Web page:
Add a comment to Cato's experience

Was this experience helpful?

Moose
Shih Tzu
14 Years
Serious condition
1 found helpful
Serious condition

Has Symptoms

Head Tilt

Medication Used

Robenacoxib

My shitzu is 14. Blind, enlarged heart and kidney levels are elevated. 5 days ago I came home and he seemed as if he had a stroke - falling on his side, difficulty standing up, walking in circles etc. I took him to the vet thinking it was time but the think he has vestibular disease. He's been on Propentifylline and robenacoxib for 5 days and not showing much improvement. The walking is a bit better, but head tilt is worse, he is shaking a bit and he only eats/drinks if we hand feed him. I know the vet said to wait two weeks and if there are no improvements we then consider our options but I'm worried he is suffering, particularly since he is also blind. Any advice?

Dr. Callum Turner, DVM
Dr. Callum Turner, DVM
2929 Recommendations
If Moose is being affected by vestibular disease it may take another ten days or so to see improvement, however during this time his overall quality of life will be affected especially being blind he wont have any visual frame of reference. You should follow your Veterinarian’s instructions, continue to monitor for improvement and follow up with your Veterinarian if there is no improvement after ten days. Regards Dr Callum Turner DVM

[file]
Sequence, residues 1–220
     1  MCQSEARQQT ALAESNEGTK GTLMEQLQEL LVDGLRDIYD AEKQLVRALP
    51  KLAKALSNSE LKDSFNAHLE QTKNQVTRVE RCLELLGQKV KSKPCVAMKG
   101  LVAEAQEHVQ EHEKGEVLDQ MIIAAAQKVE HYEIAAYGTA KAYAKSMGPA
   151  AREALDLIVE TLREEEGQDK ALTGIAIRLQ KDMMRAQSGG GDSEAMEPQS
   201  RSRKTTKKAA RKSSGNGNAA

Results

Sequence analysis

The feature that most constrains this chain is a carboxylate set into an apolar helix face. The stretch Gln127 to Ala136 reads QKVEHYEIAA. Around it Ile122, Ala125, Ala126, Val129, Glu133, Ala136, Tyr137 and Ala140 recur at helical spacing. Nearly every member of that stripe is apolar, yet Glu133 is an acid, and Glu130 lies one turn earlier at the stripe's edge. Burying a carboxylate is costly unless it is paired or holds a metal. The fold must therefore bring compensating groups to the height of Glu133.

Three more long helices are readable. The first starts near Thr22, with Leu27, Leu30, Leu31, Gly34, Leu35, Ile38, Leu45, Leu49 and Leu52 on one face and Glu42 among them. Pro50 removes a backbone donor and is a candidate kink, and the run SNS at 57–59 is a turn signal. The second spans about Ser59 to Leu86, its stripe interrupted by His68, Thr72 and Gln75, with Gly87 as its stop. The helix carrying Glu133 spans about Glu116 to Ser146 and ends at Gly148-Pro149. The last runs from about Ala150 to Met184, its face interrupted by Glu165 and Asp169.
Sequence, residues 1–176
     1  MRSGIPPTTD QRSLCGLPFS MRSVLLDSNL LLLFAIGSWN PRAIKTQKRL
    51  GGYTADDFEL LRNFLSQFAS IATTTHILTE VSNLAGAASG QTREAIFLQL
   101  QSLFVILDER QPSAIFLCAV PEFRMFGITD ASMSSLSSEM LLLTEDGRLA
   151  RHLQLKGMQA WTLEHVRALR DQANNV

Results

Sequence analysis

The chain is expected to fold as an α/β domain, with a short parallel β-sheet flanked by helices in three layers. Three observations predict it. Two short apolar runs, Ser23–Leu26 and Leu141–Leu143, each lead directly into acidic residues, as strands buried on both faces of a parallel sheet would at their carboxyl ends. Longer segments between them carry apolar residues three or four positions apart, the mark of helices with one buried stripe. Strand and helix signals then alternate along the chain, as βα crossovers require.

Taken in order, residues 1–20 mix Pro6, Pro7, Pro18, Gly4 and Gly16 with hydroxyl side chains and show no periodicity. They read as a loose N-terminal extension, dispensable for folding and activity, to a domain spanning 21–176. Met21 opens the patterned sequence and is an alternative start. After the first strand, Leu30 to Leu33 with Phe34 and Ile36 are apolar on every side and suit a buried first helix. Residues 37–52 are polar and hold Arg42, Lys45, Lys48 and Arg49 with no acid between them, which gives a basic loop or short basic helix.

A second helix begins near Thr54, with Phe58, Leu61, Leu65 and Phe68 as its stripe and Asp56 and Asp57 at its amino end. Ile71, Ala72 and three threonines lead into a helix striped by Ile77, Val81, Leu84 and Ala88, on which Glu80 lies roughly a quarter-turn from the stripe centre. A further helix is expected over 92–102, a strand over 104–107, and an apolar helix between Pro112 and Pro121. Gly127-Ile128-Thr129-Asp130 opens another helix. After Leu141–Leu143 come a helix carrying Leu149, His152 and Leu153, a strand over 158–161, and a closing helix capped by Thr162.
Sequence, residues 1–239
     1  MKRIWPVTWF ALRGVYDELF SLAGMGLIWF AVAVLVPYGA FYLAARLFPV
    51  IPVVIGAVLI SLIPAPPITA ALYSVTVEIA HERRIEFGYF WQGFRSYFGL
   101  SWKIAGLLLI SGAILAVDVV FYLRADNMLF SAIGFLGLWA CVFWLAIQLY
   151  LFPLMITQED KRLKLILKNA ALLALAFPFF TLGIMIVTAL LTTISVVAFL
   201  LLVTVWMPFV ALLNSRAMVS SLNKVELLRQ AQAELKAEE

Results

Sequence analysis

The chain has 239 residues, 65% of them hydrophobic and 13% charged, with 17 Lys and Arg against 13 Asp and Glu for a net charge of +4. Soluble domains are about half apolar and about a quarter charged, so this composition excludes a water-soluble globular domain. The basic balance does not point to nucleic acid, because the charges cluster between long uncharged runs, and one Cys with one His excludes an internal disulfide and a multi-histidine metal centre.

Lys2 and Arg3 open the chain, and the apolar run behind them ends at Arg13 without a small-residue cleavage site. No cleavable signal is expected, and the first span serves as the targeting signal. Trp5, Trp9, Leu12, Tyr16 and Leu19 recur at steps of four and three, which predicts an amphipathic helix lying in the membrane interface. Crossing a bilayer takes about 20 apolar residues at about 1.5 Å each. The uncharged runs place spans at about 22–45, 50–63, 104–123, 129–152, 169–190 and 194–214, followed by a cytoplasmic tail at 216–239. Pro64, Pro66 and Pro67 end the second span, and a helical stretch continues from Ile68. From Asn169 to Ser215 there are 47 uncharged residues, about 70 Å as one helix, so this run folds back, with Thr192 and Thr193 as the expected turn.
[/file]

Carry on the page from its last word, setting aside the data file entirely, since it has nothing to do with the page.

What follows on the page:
Thank you. Tomorrow is day 7 and it's only getting worse. He hasn't stood up or walked in 2 days. I just feel like this is cruel to him and not right.

Add a comment to Moose's experience

Was this experience helpful?

Natasha
Heinz 57
13 Years
Serious condition
1 found helpful
Serious condition

Has Symptoms

Eye Twitch
Head Tilt
inability to stand
lack of appetite
Disoriented
Lack Of Coordination

We had a 12-13 year old dog suddenly show signs of vestibular disease Nov 2016. Approximately 3 days later she had dramatically improved. However in the following months she quickly lost weight. Wouldn't eat, vomiting, large stools. She was emaciated and walked drunk. Vet found enlarged lymph nodes in April 2017 and suggested lymphoma. Sent us home with anti-nausea meds. Her condition continued to decline and we euthanized in August 2017.

Today her littermate started showing the same sudden symptoms of vastibular disease. Head tilt, unable to stand or walk due to dizziness and unsteasy gate. Won't eat and her left eye twitching back and forth.

I am terrified this is not lymphoma or just plain "old dog disease". I am afraid it is contagious and/or environmental, and I have a 5 month old puppy and a 5 year old dog (not related to the dog showing symptoms) also living in the home.

Dr. Callum Turner, DVM
Dr. Callum Turner, DVM
2929 Recommendations